DeSalvo, Louise A. The Impact of Childhood Sexual Abuse on Her Life and Work. Boston: Beacon Press, 1989. A detailed study of Woolf’s life and personality based on her diaries, letters, and biographical sources. Although the abuse is predicated on vague diary entries about her half brother George Duckworth, this work provides a feminist analysis of Woolf’s lesbianism.

Gilbert, Sandra M., and Susan Gubar. The Madwoman in the Attic: The Woman Writer and the Nineteenth-Century Literary Imagination. New Haven, Conn.: Yale University Press, 1979. Perhaps the most influential feminist criticism of its time, The Madwoman in the Attic reevaluates nineteenth century literature by women from a feminist perspective, citing Woolf as writer, feminist, and critic.

Showalter, Elaine. A Literature of Their Own: British Women Novelists from Brontë to Lessing. Princeton, N.J.: Princeton University Press, 1977. Alluding to Woolf’s work in its title, this analysis of women writers categorizes them into female, feminine, and feminist, which are somewhat useful but arbitrary definitions. The survey of women novelists is an early example of influential feminist revision.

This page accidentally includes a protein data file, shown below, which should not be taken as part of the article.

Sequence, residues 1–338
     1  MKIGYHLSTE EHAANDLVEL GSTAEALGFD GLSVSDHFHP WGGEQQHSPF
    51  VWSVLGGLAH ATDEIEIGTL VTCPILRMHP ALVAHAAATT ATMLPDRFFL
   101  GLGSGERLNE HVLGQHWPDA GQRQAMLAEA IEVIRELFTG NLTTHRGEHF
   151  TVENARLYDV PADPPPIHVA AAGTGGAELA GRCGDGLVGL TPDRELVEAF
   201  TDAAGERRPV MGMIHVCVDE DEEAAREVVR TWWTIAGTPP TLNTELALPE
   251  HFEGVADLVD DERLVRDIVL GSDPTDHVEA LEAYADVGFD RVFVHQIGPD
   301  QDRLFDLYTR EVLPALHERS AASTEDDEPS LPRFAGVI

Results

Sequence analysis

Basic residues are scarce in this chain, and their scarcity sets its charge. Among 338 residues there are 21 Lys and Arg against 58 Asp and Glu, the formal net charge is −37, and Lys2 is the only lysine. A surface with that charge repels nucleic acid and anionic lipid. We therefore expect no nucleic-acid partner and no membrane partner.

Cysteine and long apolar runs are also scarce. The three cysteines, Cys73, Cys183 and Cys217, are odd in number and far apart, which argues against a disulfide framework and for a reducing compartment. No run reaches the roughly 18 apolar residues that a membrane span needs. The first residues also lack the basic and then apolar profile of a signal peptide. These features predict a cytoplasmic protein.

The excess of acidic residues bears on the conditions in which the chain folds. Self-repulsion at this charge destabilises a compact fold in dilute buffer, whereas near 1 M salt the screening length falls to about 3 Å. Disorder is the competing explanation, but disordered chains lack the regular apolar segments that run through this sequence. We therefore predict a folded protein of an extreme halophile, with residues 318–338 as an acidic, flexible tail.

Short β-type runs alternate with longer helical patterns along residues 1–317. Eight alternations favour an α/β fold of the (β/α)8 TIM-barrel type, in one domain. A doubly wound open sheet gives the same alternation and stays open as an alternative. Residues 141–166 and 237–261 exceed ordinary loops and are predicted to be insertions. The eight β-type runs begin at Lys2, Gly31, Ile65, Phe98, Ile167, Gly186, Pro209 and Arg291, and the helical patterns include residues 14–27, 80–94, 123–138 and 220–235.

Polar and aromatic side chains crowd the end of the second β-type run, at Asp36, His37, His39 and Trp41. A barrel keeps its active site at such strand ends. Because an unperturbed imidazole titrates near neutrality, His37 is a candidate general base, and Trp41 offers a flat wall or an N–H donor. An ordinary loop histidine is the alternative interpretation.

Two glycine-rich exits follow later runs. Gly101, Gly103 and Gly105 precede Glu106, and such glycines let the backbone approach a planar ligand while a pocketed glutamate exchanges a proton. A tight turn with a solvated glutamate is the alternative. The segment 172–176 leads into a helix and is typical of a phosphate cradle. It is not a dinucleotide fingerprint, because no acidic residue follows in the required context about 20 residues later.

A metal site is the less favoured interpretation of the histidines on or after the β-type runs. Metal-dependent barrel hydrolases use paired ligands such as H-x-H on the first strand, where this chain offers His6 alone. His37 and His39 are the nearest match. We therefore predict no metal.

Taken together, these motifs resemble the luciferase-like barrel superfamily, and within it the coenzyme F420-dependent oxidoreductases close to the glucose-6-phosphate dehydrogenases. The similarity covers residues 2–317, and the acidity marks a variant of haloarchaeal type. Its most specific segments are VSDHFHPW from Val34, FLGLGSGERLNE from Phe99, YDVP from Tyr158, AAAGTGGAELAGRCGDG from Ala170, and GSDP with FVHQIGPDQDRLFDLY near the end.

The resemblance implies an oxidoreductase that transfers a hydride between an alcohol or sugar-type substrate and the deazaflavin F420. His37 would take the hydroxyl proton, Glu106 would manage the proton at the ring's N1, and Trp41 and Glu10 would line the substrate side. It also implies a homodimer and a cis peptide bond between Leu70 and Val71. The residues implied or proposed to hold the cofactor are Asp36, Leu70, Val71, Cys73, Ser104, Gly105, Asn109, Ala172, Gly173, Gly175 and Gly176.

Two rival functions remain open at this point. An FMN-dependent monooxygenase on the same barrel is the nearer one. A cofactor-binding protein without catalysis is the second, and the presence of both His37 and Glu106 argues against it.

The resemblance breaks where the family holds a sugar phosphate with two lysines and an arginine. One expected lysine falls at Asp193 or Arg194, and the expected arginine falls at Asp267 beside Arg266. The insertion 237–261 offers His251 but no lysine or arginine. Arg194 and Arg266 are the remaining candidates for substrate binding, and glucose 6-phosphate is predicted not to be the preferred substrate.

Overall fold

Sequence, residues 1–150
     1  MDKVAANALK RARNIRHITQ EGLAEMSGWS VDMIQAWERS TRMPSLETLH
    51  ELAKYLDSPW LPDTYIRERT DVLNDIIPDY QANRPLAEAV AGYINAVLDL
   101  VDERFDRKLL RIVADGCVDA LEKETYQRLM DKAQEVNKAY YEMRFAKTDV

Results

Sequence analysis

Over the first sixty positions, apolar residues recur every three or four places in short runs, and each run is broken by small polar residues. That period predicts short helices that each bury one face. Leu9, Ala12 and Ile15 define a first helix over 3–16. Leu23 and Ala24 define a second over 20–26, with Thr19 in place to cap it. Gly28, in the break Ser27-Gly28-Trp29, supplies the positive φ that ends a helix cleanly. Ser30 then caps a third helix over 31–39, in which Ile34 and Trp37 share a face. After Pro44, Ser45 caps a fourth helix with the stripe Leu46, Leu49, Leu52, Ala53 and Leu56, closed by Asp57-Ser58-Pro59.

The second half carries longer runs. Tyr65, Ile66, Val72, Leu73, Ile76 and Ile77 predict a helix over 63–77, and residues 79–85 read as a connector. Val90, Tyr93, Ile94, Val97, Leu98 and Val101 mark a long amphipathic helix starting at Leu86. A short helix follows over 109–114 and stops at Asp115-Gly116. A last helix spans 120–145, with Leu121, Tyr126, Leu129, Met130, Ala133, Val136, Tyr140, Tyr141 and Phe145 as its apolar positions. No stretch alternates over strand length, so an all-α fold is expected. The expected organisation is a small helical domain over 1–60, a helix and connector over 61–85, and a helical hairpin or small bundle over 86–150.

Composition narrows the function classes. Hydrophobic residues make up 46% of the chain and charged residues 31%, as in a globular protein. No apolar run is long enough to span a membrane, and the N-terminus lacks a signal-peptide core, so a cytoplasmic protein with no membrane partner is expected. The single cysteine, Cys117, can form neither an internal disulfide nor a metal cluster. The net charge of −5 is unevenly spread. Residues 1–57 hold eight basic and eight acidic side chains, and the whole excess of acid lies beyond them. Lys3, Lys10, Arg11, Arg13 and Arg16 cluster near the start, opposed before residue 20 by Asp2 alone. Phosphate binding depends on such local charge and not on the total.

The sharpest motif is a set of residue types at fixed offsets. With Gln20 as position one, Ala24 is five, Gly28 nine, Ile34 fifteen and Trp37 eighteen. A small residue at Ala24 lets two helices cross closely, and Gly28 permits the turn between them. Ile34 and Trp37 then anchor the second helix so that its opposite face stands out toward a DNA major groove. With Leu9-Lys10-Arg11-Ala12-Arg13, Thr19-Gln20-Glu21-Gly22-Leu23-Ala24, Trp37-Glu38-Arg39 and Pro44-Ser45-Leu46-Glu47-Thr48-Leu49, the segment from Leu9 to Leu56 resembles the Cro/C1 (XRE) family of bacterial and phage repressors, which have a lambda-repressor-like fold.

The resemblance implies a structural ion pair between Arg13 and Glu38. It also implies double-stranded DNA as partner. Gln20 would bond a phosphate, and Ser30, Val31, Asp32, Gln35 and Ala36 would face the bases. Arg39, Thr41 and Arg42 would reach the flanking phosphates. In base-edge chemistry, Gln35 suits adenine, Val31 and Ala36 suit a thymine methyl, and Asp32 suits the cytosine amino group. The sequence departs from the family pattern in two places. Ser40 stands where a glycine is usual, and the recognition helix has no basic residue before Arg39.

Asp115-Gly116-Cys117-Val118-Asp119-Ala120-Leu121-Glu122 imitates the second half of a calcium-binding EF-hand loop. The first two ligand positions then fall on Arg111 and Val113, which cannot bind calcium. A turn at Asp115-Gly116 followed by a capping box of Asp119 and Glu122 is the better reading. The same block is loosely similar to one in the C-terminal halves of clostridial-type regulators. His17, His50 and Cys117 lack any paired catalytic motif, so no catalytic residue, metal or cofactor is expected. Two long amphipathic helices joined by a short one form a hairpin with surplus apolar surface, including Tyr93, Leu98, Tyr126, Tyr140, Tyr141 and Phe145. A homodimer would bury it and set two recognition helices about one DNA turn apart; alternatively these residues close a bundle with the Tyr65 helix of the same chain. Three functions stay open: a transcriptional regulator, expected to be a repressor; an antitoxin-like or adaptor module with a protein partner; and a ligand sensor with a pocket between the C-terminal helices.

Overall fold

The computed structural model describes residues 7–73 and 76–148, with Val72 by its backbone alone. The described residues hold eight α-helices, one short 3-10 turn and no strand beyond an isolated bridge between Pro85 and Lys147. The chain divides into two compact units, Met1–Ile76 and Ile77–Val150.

Woolf, Virginia. The Diaries of Virginia Woolf. Edited by Anne Olivier Bell. Vols. 1-5. New York: Harcourt Brace Jovanovich, 1977-1985. Though vast, these five volumes are well indexed and provide the most authoritative source for any study of Woolf or her politics and philosophy. Includes an introduction by Quentin Bell.

Woolf, Virginia. Women and Fiction: The Manuscript Versions of A Room of One’s Own. Edited by S. P. Rosenbaum. Cambridge, Mass.: Oxford University Press, 1992. For any detailed study of Woolf’s thoughts and the composing process of A Room of One’s Own, this work is mandatory.